KA Lite- Open Source Education to Bridge the Digital Divide
Although we can now access more free education resources online than ever, a full third of the world’s children still don’t receive basic education. The problem is connectivity: 4.3 billion people don’t have online access. This digital divide means that 60% of people in the world who could benefit the most from free online education are unable to experience it. Learning Equality, a California-based non-profit, is dedicated to bridging the divide through tools designed to create and share open education content, whether or not an internet connection is available. By partnering with Khan Academy, they were able to develop KA Lite – an open-source platform that deploys Khan Academy videos and exercises, even when the internet is slow or non-existent. Using open-source Python software and running on Mac, Linux or Windows, KA Lite provides over 7,000 videos and 20,000 interactive exercises. Soft-launched in 2012, KA has already reached over 2 million learners in 160 countries, in settings as diverse as rural schools, orphanages, refugee camps, prisons and private homes. In a study measuring KA Lite’s impact in Guatemala, schools showed diminishing drop-out rates and rising scores. The combination of KA Lite and tablets without internet access showed the highest improvement rate among schoolchildren, with an average increase of 10 points in mathematics scores. While the majority of KA Lite deployment has been in developing countries, Learning Equality has made a difference in US prisons, where 70% of inmates cannot read above fourth-grade level. Delivered in partnership with a prison tech provider JPay, over 325,000 KA Lite videos have been downloaded in 50 facilities, allowing prisoners to educate themselves at their own pace. Learning Equality is now working to develop new software called Kolibri, which will allow teachers to customize KA Lite content.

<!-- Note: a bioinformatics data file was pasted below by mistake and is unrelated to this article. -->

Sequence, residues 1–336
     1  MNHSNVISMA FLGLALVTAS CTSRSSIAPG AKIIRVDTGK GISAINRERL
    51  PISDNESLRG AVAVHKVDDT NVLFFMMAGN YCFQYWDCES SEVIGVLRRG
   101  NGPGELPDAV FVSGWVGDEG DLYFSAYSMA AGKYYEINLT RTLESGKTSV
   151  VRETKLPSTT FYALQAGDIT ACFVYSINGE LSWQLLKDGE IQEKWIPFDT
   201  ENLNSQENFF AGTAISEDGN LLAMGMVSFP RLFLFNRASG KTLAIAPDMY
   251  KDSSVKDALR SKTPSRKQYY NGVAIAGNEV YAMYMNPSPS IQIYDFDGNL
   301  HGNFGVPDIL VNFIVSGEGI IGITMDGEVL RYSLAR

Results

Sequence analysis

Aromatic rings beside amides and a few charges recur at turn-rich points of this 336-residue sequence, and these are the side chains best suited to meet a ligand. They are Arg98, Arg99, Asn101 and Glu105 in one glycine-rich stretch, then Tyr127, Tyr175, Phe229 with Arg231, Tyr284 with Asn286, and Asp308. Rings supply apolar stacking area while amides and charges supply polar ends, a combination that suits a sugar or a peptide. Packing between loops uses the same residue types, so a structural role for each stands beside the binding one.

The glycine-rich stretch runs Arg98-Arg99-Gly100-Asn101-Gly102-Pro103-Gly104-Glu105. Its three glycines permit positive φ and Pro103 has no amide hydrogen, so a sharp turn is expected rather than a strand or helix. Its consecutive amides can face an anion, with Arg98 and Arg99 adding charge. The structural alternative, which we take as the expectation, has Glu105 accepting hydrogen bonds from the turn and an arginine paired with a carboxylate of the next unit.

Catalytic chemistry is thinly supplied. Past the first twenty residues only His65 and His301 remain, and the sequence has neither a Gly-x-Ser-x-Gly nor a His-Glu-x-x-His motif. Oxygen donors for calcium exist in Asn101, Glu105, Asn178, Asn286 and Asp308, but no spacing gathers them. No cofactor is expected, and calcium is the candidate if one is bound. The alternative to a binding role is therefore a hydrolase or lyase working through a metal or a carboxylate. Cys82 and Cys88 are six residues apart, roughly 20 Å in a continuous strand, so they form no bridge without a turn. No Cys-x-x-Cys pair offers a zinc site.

People that live in poor and rural areas do not have sufficient resources to gain themselves internet access, which inhibits their ability to access educational information
It would cost $80 billion to provide Broadband internet access to everyone in the US
1 in 3 children around the world lack access to a quality basic education
4.3 billion people don’t have online access. (That's 60% of the population)
The cost of hardware is decreasing much faster than the cost of Internet bandwidth; devices like the Raspberry Pi and low-cost Android tablets open up computing to more users than ever before.
KA Lite has provided millions of users with educational resources
Learning Equality, Get Involved: https://learningequality.org/ka-lite
Sierra Briscoe - www.linkedin.com/in/sierrabriscoe
Learning Equality - https://learningequality.org/ka-lite